Sunday, April 14, 2013


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A gaunt Indian man behind the counter slowly takes his eyes off his customer’s alcohol to glance out the window.  “Toe-me…  Lowks…” and the large man by the doors turned the locks, slid the metal security gate, and pulled out a Ruger LCP.380.  Outside, a crowd of about 60 mostly young adults and teenagers circled around two men.  One of them had a crown on his hoodie and stood perfectly still with a customized chrome Glock 36 pointed at the asphalt.  His eyes glaring at the other man with a tattoo of what appeared to be a skull in a top hat, who was swinging his arms in the air and yelling so loud that we could hear him inside.  “That boy ain’t right,” says a woman peering out one of the little windows.  The man then shouted something that must have been funny since everyone laughed and he walked up to his foe, took a deep breath, and POP!  A soldier of the silent man punched him from the left side.  All hell broke loose as rivals threw fists, kicks, and anything else they might have.  Others cheered on.  It was hand-to-hand combat until BANG!  A gun went off somewhere and everyone scattered into the street, the neighborhood, and nearby field.  When the police finally arrived 20 minutes later, the only people around were the one’s who just showed up to get drinks and didn’t know anything had happened.  The security gate slid open, the line moved, and I finally got my whiskey. 

The glass crunches under my sneakers as I come out of the yellow corrugated steel store toward the edge of the lot.  Floodlights and cop flashers create day on this corner.  I take a seat on the guardrail between stores and open my fifth not-so-discreetly hidden in a brown bag.  It smells like ammonia.  I hold it away, look at it for a second, and throw it back trying to drink as much as possible in one shot.  It’s terrible.  Like someone just mixed up cheap vodka and burnt molasses in a bottle.  The aftertaste makes my mouth and throat pucker up so much that I can’t close my eyes.  But, it’ll do the job alright.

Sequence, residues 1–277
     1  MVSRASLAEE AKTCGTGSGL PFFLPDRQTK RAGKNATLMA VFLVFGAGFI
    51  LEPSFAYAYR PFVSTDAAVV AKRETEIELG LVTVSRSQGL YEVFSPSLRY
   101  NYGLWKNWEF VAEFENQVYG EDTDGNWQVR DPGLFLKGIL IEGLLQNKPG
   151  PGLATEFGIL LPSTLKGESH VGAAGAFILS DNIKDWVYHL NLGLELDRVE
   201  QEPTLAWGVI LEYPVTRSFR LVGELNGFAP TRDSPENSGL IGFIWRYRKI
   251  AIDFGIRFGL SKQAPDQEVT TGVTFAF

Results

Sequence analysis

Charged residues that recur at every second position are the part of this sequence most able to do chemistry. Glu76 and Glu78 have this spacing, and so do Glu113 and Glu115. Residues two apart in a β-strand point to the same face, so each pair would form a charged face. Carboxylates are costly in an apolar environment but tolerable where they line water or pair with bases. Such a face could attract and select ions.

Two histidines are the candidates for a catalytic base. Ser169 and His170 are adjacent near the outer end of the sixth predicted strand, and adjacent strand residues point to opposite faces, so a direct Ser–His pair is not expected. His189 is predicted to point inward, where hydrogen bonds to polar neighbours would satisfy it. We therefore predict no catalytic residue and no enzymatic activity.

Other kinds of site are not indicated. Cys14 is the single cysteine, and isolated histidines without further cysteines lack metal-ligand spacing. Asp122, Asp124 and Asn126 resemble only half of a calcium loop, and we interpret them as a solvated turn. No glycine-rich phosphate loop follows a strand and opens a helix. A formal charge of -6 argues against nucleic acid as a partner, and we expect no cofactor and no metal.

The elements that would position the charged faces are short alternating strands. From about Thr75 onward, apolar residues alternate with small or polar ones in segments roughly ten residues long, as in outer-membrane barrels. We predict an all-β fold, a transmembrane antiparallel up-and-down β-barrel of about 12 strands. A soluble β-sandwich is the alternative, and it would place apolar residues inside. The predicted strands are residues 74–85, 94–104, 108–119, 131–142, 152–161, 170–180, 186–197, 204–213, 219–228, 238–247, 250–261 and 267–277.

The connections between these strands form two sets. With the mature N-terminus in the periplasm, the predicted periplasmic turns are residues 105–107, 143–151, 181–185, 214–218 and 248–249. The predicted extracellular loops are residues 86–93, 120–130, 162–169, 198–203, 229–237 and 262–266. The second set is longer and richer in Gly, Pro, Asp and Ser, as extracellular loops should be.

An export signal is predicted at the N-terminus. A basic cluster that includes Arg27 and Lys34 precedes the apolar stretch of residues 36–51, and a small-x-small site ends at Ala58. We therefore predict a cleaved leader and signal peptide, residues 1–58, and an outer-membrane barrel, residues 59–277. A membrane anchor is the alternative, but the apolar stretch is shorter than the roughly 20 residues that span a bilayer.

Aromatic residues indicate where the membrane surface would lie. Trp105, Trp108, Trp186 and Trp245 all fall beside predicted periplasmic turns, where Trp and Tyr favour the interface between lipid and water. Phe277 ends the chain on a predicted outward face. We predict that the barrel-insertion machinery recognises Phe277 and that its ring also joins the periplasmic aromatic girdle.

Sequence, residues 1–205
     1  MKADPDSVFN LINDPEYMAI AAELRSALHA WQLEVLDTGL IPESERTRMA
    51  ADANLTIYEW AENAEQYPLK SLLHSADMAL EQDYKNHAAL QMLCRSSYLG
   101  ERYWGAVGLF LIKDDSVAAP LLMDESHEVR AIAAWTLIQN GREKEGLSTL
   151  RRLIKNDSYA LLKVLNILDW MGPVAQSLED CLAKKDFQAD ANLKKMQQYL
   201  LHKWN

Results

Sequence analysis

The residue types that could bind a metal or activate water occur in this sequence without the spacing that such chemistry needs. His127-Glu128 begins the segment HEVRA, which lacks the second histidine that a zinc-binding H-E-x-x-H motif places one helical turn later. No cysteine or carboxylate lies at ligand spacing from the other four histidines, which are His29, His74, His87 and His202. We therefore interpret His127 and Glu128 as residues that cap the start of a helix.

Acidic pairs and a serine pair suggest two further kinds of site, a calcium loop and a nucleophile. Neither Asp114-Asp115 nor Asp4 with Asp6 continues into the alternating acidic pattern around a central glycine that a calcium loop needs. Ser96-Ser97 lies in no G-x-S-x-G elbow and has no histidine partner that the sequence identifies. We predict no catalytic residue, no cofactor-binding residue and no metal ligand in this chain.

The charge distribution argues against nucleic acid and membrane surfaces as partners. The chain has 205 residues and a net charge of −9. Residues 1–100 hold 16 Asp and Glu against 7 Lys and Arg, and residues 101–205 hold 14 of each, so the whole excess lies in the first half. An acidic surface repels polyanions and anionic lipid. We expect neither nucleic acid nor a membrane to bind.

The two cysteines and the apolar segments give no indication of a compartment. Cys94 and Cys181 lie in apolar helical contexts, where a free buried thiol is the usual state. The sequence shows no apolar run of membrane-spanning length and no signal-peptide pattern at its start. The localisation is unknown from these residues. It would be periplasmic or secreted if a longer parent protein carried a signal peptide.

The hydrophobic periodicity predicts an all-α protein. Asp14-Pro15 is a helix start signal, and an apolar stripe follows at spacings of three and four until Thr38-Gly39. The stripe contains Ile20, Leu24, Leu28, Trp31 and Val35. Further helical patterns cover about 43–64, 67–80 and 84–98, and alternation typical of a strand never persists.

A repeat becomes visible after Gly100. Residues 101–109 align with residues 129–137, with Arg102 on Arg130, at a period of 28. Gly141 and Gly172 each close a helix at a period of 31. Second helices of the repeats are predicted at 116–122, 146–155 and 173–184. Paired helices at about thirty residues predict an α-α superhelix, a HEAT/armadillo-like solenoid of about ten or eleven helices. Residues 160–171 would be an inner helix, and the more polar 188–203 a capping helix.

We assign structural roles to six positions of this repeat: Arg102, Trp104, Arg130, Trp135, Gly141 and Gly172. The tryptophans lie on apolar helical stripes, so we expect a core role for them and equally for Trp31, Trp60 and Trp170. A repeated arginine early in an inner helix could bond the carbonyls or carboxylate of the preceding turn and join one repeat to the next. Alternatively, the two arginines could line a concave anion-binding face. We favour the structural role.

This whiskey was earned under the table collecting the cover charge at a dive called McCracken’s.  I do lots of odd jobs: cleaning gutters, painting houses, lawn work, furniture moving, answer phones, kitchen help, chauffeur; all of which prove that going straight gets you nothing.  I make my way across the vacant four-lane street to the ol’ engine cylinder head factory.  The three-story reinforced concrete and steel structure has been empty for years.  My grandpa use to work here.  Started right before World War II and had all kinds of stories about co-workers, being attacked by police at union strikes, and the pride of becoming middle class, and being able to send my mom and her siblings to college and all.  The boarded up windows and doors don’t keep out the kids or the homeless.  But, it’s not as bad as the vacant department store they turned into a “convention center” down the street.  This plant survived mergers, the Great Depression, Unionism, and even technological advances.  But, it couldn’t survive NAFTA.  Division by division, the factory was dismantled and shipped to Mexico where the average worker makes $4 a day in pay and benefits.  Now, no one is middle class.  Only 100 workers remain in a dilapidated admin building where their only job is to receive a paycheck so the company can meet the minimum requirements to collect an annual multi-million dollar subsidy from the city and state, which expires in 12 years.  Those subsidies, paid with the taxes from the laid off, still go to the CEO who moved production and has since retired to his eight bedroom, nine and a half bath, 23,000 square foot home in the deep south.  Which bootstraps do I have to pull myself up by to get that gig?